Virtualization hulk VMware closed out 2010 with a bang, reporting a 37.4 percent increase in revenues at $835.7M, and a 212.5 percent increase in net income at $119.9M.
Desktop products such as VMware’s View and the Workstation hypervisor accounted for 10 percent of revenues for the full year in the United States, a possibly deceptive figure in the face of the prevailing hope that 2011 will be a big year for desktop virtualization, particularly virtual desktop infrastructure. VMware’s chief financial officer, Mark Peek, didn’t make any predictions in that arena, but TechTarget’s own virtual desktop experts Brian Madden and Gabe Knuth took a stab at foretelling desktop virtualization trends in the coming year, marking VMware’s Horizon as a major competition for Citrix’s OpenCloud Access.
VMware as a whole is projecting modest growth in 2011, between $800 and $820M for Q1. Acquisitions were a major part of VMware’s 2010 strategy, with seven in total, adding upwards of 600 employees. VMware finished off the year with around 9,000 employees worldwide, up from 7,000 at the start of the year.
With pre-installation of vSphere on servers from big name hardware makers such as HP, Dell, and IBM, VMware is in good standing for a strong 2011.
What are your predictions for desktop virtualization in 2011? Do you think VMware will continue to reap the benefits?
Today’s guest post comes from Michael Fox, author of DeMystifying the Virtual Desktop. Michael Fox is a practicing expert working in the field of desktop virtualization. He has worked in IT for more than a decade, holds numerous technical certifications, speaks regularly at technical conferences and currently works as a Senior Architect in virtualization for EMC Consulting, the professional services division of EMC.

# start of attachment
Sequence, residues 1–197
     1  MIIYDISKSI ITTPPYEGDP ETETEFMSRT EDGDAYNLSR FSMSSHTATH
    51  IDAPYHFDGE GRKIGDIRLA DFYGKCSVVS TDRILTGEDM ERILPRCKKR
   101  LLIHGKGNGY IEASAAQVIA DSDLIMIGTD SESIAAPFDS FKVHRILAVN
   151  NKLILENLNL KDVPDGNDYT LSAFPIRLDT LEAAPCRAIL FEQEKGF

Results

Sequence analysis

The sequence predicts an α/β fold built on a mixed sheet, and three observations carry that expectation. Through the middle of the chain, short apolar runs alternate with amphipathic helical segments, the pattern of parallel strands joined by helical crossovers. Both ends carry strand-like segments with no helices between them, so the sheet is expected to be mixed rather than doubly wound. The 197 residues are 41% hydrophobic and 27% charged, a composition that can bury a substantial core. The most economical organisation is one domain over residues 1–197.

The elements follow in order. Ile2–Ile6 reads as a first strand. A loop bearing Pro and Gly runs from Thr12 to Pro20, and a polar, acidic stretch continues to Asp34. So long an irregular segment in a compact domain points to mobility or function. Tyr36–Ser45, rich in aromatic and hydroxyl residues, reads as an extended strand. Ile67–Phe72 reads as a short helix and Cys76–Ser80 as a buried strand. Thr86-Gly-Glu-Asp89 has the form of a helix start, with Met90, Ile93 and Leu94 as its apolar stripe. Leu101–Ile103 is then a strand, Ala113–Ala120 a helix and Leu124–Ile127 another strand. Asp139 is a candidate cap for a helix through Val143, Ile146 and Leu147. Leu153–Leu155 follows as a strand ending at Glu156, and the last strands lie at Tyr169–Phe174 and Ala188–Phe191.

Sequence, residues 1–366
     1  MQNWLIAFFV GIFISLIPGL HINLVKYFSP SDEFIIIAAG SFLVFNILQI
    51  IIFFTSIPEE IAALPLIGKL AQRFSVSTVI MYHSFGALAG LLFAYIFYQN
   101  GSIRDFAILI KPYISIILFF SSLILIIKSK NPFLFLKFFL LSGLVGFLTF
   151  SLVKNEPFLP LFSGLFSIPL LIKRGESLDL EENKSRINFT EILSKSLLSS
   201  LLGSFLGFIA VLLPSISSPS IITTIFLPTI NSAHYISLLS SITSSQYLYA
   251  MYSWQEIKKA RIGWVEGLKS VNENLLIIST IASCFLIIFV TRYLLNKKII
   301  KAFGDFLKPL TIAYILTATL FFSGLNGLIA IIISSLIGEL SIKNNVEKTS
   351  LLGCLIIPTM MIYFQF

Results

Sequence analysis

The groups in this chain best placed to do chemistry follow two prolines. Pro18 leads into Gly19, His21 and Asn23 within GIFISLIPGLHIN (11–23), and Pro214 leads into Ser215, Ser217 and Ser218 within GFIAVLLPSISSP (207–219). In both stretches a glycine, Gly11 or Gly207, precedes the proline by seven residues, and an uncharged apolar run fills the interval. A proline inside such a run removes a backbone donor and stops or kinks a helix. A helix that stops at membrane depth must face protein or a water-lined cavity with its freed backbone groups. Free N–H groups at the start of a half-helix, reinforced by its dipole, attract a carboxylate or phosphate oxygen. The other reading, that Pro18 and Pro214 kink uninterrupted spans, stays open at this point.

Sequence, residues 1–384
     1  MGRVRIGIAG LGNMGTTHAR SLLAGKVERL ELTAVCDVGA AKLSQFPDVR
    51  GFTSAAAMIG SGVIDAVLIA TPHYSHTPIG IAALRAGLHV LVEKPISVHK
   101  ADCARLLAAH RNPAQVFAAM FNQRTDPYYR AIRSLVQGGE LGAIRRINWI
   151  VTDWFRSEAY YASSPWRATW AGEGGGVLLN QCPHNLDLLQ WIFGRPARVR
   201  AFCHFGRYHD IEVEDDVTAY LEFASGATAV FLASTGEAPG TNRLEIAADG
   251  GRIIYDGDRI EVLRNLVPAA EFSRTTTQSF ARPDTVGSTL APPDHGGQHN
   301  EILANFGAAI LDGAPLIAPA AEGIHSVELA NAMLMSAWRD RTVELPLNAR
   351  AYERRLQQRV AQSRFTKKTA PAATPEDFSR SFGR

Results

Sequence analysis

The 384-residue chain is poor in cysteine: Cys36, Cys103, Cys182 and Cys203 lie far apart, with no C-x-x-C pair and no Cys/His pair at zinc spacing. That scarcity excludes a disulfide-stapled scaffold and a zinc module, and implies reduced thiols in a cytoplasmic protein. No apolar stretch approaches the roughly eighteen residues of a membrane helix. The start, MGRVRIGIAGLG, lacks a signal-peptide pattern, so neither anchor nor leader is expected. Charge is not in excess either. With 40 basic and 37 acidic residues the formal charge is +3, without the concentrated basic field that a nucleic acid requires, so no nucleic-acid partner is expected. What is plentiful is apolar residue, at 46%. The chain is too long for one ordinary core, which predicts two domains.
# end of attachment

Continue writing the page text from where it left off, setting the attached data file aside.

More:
My hope for 2011 is that I have fewer meetings introducing people to the basics of desktop virtualization and more meetings about advanced topics in the field. I want to have more meetings on the kinds of desktop virtualization topics that allow us consultants to flex our muscles, bringing the considerable weight of our practice’s talent to solve an organization’s challenges. I want to have CIOs ask me how we can baseline the existing compute experience and then, using desktop virtualization, improve productivity for employee workflows. I want to have VPs considering acquisitions asking me questions about how desktop virtualization can accelerate the time it takes to complete integration.
If everyone read my book, that might happen. I wrote DeMystifying the Virtual Desktop to be a resource that gives decision makers an introduction to the use and application of the technology. It covers the basics of desktop virtualization like putting the user first, communicating across teams, understanding foundational technologies, doing assessments and analyzing designs to help understand costs. It was peer-reviewed and written in a completely agnostic way that does not mention any specific technology or vendor.
According to a number of studies that are out there, a large number of organizations have only just begun looking at this powerful technology. The good news for those of you just beginning your virtual desktop journey is that the products and reference architectures are getting better all of the time. Density inside the data center is increasing and the competition between platforms is quite healthy. There were so many improvements in 2010 that they are difficult to count. Protocol improvements enabled improved access to virtual desktops inside the data center. A number of new features, both hardware and software, are eliminating the storage challenges with centralized deployments. Lastly, the promise of the client-side hypervisor, with its centralized administration and decentralized execution, is beginning to come true.
Watch for a number of exciting new desktop virtualization developments in the coming quarters. I can’t say anything because of those pesky non-disclosure agreements, but there are a few real gems out there that I am really looking forward to bringing up with customers – the kind of developments that enhance the usability and value of desktop virtualization technologies for both end users and administrators. Density will continue to do what it does best – increase. Application performance will continue to advance to levels that are quite significant. Architectures that support sub second application startups, for example, will continue to become more and more common. There is even progress on desktop certifications. AppSense has two new certification tests coming to a testing center near you in February.